Improving access to leukemia treatments | Inquirer Business
ONCOURAGE

Improving access to leukemia treatments

Leukemia is a form of cancer of the blood-forming elements of the bone marrow which is often times characterized by the presence of an increased number of immature cells known as “blasts.” The uncontrolled proliferation of these abnormal cells result in decreased production of normal red cells, white cells and platelets, with release of leukemia or blast cells in the blood.

Depending on the cellular elements affected, leukemias may be classified as myeloid or lymphoid, and may be acute or chronic. The acute leukemias progress rapidly, and when left untreated may result to death within weeks to months in most subtypes. The chronic leukemias have a protracted course from several months to a few years. Breakthroughs in trials on T cell immunotherapy are ongoing for the lymphocytic disorders.

ADVERTISEMENT

Chronic myelogenous leukemia (CML) usually occurs during or after middle age, and rarely occurs in children. In the past, CML patients often die within several months to a few years after diagnosis. The definitive management then, which was HSCT was beyond the reach of most Filipino CML patient. Thanks to breakthroughs in cancer treatment, such as  targeted therapy, today most patients survive a decade or even beyond after being diagnosed with CML.

Targeted therapy uses drugs or other substances to identify and attack specific cancer cells without harming normal cells. Tyrosine kinase inhibitors are targeted therapy drugs used to treat CML. Locally, these include imatinib, nilotinib and dasatinib, which may be used as initial treatment for newly diagnosed patients with chronic-phase CML.

FEATURED STORIES

Cancer treatment is very expensive. Unfortunately, our country’s social health insurance is still being enhanced. As such, most Filipinos pay for their healthcare expenses out of pocket. A patient’s financial status definitely influences cancer treatment choice and duration. The sad reality is that Filipinos who belong in the lower to middle socioeconomic bracket will not be able to afford optimal cancer treatment.

Fortunately, there are government agencies and private companies that help Filipino patients gain access to cancer treatments. The Philippine Charity Sweepstakes Office (PCSO) provides financial assistance to enable qualified cancer patients to receive chemotherapy and radiotherapy. Although limited, the Philippine Health Insurance Corp. or PhilHealth provides benefit packages for childhood lymphoid leukemia.

Established by the late Dr. Alendry Caviles, the Leukemic Indigents Fund Endowment (LIFE) based in Fe Del Mundo Medical Center supports the treatment of underprivileged children with leukemia as well as provides emotional and spiritual counseling to patients and their families. Rarely, Filipino cancer patients are able to avail of free treatments through international clinical trials in which the Philippines is one of the participating study sites.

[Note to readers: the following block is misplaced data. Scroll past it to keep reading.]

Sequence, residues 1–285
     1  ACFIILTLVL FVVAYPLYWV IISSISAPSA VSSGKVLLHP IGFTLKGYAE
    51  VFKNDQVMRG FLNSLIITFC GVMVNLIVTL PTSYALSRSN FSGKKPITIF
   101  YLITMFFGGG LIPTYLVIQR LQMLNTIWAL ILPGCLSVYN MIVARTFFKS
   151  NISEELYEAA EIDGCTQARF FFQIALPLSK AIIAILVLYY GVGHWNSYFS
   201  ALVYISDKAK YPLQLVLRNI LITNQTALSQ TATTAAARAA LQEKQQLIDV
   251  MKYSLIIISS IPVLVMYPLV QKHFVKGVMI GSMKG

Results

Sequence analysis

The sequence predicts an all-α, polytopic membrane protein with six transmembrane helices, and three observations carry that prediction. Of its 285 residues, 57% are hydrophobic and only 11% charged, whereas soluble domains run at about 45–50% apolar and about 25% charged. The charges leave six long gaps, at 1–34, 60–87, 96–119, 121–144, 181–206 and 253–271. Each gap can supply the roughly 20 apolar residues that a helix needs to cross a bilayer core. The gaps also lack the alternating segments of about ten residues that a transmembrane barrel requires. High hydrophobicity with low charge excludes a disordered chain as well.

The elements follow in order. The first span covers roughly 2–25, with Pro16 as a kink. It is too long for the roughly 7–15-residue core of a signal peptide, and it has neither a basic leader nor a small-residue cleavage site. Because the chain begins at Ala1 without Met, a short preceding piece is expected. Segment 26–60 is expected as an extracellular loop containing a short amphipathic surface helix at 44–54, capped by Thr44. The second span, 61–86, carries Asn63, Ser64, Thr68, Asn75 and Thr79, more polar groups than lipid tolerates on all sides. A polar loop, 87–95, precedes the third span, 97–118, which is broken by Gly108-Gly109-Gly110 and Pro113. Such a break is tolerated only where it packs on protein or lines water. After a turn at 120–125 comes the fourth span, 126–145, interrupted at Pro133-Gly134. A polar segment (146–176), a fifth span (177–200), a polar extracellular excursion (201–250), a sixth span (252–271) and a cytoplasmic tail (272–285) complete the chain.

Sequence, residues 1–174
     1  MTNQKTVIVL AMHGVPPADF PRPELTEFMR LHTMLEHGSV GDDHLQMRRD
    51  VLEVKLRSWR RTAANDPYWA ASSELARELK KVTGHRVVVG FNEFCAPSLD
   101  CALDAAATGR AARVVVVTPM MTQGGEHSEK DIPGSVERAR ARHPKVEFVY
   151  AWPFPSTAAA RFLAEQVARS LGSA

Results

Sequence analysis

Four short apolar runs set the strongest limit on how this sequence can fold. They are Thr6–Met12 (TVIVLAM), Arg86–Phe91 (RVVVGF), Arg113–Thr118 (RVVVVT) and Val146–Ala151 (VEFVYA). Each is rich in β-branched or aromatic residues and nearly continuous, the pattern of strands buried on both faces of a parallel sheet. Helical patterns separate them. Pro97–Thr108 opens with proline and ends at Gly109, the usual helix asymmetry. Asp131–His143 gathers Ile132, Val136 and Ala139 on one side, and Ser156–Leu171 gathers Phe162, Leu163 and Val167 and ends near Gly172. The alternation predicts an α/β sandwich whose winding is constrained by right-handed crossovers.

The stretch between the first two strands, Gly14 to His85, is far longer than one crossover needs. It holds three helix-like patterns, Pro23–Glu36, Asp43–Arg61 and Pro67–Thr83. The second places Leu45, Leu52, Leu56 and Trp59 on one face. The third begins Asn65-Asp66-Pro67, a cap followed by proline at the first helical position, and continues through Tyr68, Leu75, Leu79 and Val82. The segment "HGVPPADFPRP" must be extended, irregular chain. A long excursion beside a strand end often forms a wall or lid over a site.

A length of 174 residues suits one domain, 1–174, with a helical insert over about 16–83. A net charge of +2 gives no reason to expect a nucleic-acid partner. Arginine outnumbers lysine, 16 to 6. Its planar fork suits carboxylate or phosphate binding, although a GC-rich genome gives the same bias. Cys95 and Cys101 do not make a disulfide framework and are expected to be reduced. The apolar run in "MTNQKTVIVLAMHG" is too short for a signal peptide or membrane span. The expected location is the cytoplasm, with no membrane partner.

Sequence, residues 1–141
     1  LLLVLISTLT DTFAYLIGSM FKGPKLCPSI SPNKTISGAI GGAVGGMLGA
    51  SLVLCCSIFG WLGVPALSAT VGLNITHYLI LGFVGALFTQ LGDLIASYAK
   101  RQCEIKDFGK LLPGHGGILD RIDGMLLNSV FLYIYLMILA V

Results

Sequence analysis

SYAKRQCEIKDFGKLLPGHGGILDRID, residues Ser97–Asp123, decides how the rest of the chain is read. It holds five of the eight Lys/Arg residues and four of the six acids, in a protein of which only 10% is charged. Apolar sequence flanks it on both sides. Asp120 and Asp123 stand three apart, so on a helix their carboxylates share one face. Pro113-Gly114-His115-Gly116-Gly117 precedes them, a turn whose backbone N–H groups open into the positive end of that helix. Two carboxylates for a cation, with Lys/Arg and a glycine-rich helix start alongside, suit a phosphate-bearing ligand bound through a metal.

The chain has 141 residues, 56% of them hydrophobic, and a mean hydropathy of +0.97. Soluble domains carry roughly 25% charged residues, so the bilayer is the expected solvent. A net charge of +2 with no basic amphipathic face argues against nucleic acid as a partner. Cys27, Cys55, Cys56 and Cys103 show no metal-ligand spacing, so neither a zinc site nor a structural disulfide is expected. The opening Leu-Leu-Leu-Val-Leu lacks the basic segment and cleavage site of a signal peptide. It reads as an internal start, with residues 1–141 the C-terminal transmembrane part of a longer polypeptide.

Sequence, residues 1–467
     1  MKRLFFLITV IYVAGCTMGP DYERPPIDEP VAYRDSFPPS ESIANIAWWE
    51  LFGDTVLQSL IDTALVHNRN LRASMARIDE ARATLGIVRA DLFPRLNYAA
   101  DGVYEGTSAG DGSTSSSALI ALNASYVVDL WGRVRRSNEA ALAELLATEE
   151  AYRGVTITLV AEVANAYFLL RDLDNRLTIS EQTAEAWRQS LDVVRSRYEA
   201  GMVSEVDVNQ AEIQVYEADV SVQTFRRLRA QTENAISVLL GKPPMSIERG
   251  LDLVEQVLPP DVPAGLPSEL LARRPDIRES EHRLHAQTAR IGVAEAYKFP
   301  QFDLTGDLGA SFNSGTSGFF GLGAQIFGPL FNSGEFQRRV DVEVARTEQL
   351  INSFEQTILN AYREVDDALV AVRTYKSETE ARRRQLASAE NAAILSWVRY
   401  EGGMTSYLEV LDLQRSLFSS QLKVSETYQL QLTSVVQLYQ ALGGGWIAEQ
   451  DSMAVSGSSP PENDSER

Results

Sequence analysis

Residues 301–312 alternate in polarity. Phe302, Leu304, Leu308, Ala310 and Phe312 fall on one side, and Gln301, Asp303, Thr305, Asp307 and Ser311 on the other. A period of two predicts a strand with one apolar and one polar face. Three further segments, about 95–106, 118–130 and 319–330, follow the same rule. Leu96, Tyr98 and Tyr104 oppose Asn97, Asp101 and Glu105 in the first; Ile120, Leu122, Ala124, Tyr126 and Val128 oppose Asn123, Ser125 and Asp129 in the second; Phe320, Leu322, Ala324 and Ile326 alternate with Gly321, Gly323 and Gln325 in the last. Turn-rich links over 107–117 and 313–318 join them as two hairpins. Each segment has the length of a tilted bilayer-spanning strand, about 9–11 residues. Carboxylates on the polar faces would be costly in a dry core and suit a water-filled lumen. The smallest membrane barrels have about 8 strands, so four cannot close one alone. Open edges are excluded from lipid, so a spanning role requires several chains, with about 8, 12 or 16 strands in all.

For the past 10 years, the pharmaceutical company Novartis has been implementing an innovative shared-contribution access program that helps underprivileged Filipino patients receive effective cancer treatments. The Glivec International Patient Assistance Program (Gipap) was launched in the Philippines in 2003 and broadened in 2008 to the Novartis Oncology Access (NOA) program. To ensure program sustainability and continuous assistance to needy patients, NOA works on a principle of partnership in which patients (under a co-pay plan) contribute a small amount while Novartis shoulders the substantially bigger portion of their treatment cost.

Without patient access programs, approximately less than 20 percent of Filipino patients will be able to afford cancer treatment. Access programs definitely improve the quality of life and survival of Filipino leukemia patients.

Dr. Ma. Angelina Mirasol is the president of the Philippine Society of Hematology and Blood Transfusion (PSHBT). The ONCOURAGE Health Information Advocacy promotes public awareness and continuing medical education on the prevention, detection and management of cancer and blood disorders. It is a collaboration between the Philippine Society of Medical Oncologists, PSHBT, Philippine Charity Sweepstakes Office, Philippine Foundation for Breast Care-Kasuso, Touched by Max Philippines, Balikatang Thalassemia and Novartis Oncology Philippines.

Read Next
Don't miss out on the latest news and information.

Subscribe to INQUIRER PLUS to get access to The Philippine Daily Inquirer & other 70+ titles, share up to 5 gadgets, listen to the news, download as early as 4am & share articles on social media. Call 896 6000.

TAGS: diseases, health and wellness, leukemia
For feedback, complaints, or inquiries, contact us.


© Copyright 1997-2022 INQUIRER.net | All Rights Reserved

We use cookies to ensure you get the best experience on our website. By continuing, you are agreeing to our use of cookies. To find out more, please click this link.